Many companies are having staffing issues as the labor market in the U.S. tightens. Rather than address that problem, President Joe Biden's appointee would rather import cheap labor.
Labor Secretary Marty Walsh is planning to fill 11 million open jobs in the U.S. by allowing for more immigration, Breitbart reported. Walsh has been accused of being beholden to Wall Street interests as he calls immigration the "only way" to fix staffing issues.
A report last week revealed that the nation has 11.2 million unfilled jobs, which is good economic news but proves a challenge to employers seeking to increase productivity. "If those 11 million jobs had to be filled tomorrow, we certainly don't have enough people in the United States to fill those jobs … the issue of workers has to be addressed, and the only way you can do it is through immigration."
"When I talk to CEOs from companies all across America, they're all in favor of immigration reform," Walsh added. "They're all in favor of pathways — of visas — for people coming into the United States working, and we're going to have to have that real serious conversation because at some point it will begin to impact our economy."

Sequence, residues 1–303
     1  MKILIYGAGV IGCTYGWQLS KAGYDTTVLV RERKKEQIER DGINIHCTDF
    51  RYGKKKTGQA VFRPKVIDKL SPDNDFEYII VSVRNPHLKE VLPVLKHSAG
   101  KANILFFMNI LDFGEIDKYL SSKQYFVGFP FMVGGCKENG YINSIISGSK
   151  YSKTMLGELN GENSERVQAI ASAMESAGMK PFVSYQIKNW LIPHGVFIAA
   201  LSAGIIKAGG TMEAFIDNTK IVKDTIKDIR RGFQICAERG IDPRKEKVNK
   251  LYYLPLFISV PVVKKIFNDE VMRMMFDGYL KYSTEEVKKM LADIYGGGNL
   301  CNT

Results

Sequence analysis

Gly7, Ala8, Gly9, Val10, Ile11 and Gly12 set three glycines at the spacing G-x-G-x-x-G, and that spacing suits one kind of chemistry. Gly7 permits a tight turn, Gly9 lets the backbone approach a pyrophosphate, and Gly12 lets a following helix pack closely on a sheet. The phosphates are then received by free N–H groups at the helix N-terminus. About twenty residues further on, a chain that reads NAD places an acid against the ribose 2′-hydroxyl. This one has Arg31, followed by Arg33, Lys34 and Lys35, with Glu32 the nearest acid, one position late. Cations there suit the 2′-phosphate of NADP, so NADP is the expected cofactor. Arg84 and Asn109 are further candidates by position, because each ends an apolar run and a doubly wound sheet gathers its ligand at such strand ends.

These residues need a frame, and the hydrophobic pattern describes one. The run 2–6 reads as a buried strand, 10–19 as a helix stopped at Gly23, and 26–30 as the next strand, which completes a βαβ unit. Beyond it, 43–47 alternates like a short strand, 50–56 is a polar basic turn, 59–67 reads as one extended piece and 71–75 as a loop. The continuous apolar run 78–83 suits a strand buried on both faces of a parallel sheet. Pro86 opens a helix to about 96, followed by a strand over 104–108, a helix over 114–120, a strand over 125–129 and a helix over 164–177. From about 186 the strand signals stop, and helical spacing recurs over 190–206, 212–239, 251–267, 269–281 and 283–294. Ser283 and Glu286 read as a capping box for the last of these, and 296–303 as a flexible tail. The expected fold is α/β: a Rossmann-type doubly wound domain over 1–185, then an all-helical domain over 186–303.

There was no mention of getting employees who have dropped out of the workforce to participate again. However, Sen. Ron Johnson (R-WI) is just one of many voicing alternatives.
"There is a number of innovative ideas I would support," he said at a town hall. "[Former Sen.] Phil Gramm came to the Senate where we were talking about our labor shortage, and one of his suggestions was to coax seniors to re-enter the workforce — don't charge them payroll tax," Johnson said.
"They're not paying it anyway, so they want to get back in and earn a few extra bucks," he reasoned. At the same time, other industries are attempting to automate where they can as a solution.
There are many Americans who were sidelined by the pandemic and should be encouraged to re-enter the workforce. However, plugging the holes with foreign workers is cheaper for companies and, therefore, more attractive to Walsh.